The bank is working with a large manufacturer of farm equipment that sells equipment through nearly 500 distributors in small cities in rural areas. Upon analysing payment flows, the bank found that when distributors paid the company at a small local bank in a small town, the payment would travel through a series of smaller-town banks to the larger city where the company had its account. During this extended process, much of the invoice detail would be lost along the way. When payments arrived the manufacturer could, at best, know who was paying but often could not match the payment to a specific invoice. When a distributor wanted to order more, the manufacturer would then retort that the distributor had not paid.

To address the problem, linking the systems to both the manufacturer and the distributors, and then giving the distributors a unique account number for each purchase order. This enables the distributor to pay into a dynamic virtual account, which the manufacturer uses to know who paid and for which invoice.


While liquidity may be tightening, leveraging new solutions can enable corporates to keep their supply chain functioning smoothly and free up cash in their own system faster so that they can increase their sales.
Back to top


Porus Mistry

Label : porus_mistry, porus mistry idbi, porus mistry FINO, porus mistry icici bank, porus yazdi mistry, porus mistry, cash management, financial supply chain, cash flow, liquidity management

Porus Mistry Updates : Financial Inclusion – An opportunity to create positive impact


During course of my travel I discovered that more than 60 percent of adults living in Asia, Africa, Latin America, and the Middle East do not use formal banks or semi formal micro-finance institutions to save or borrow money. That’s nearly 2.2 billion unserved adults. Unserved, however, does not mean unservable. The micro-finance movement, for example, has long helped expand credit use among the world’s poor—reaching more than 300 million clients in 2008 itself.

Full financial inclusion would mean providing every household with access to a suite of modern financial services, including savings, credit, insurance, and payments, as well as sufficient education and support to help customers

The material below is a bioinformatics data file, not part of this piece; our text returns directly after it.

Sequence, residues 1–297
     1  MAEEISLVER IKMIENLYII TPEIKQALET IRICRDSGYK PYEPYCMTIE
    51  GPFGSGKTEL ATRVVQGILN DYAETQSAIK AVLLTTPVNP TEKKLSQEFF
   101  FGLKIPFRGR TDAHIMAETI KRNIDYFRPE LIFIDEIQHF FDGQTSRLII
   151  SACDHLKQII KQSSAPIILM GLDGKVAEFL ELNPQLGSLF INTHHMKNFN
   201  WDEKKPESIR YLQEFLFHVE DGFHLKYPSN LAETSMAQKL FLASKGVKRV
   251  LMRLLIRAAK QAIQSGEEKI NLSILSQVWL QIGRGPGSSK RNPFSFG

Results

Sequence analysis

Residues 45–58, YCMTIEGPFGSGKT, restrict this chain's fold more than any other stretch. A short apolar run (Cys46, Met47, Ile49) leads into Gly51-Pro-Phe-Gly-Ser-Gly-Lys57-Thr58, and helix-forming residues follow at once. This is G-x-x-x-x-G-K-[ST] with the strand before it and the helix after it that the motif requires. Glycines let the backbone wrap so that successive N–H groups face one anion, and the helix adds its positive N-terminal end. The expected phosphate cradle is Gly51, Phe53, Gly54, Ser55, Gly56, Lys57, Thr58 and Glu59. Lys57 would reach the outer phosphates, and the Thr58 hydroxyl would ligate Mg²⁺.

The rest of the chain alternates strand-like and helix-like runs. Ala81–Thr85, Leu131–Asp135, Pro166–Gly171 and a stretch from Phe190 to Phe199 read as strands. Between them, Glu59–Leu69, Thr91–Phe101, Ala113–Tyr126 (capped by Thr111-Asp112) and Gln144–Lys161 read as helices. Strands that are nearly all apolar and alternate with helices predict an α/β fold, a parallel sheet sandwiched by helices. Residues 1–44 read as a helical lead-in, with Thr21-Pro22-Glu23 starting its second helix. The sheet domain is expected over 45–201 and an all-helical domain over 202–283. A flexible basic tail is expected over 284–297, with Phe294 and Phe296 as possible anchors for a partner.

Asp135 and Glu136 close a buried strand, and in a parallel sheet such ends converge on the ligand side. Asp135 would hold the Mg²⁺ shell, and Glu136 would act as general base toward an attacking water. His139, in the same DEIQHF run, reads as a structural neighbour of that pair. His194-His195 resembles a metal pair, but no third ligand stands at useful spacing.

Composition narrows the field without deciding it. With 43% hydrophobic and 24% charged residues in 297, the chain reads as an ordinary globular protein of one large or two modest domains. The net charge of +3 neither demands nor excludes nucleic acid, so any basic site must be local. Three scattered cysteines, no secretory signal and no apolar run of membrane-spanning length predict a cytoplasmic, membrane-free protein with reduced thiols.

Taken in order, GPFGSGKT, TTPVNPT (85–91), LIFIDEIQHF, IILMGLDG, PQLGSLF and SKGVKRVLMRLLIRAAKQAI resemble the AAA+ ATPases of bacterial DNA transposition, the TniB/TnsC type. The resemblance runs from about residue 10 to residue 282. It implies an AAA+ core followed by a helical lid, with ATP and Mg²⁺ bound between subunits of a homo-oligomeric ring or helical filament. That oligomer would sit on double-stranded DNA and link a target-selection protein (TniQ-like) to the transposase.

make good decisions for themselves. These products and services must be affordable, designed to meet the population’s needs, available within reasonable physical proximity, and regulated and overseen to protect consumers.

Poor households have many of the same financial needs as wealthier households, and they gain similar benefits from having access to quality, affordable financial services within a reasonable distance. For example, a recent review of impact assessments in micro-finance found evidence from several studies that both credit and savings products are good for micro enterprises, producing increases in investment and profits.

Not surprisingly, demand for financial services is high among the poor, who often turn to informal channels when access to formal ones is not available. Its an eye opener as per ball park analysis done by researchers 147 emerging markets and surveyed consumers in the Philippines to better understand the needs of this vast segment. Nearly 90 percent of the people we surveyed store money at home, with a friend, or in a village savings club. Some buy assets, such as cows or chickens, as a store of value. Nearly 60 percent of the people surveyed in the Philippines keep some form of savings. These savings are typically used for managing cash flow rather than for long-term asset accumulation. The annual turnover can be many times the average balance. In India, about 20 percent
of the unbanked population have access to credit, but 60 percent of the borrowing is done through moneylenders. In the Philippines, about 13 percent of the unbanked borrow: 55 percent from family or friends, 13 percent from moneylenders, and 17 percent from MFIs.

Credit is becoming increasingly available through formal channels. In the past decade, MFIs have had tremendous success reaching poor individuals in many markets, in particular Latin America and South and Southeast Asia. The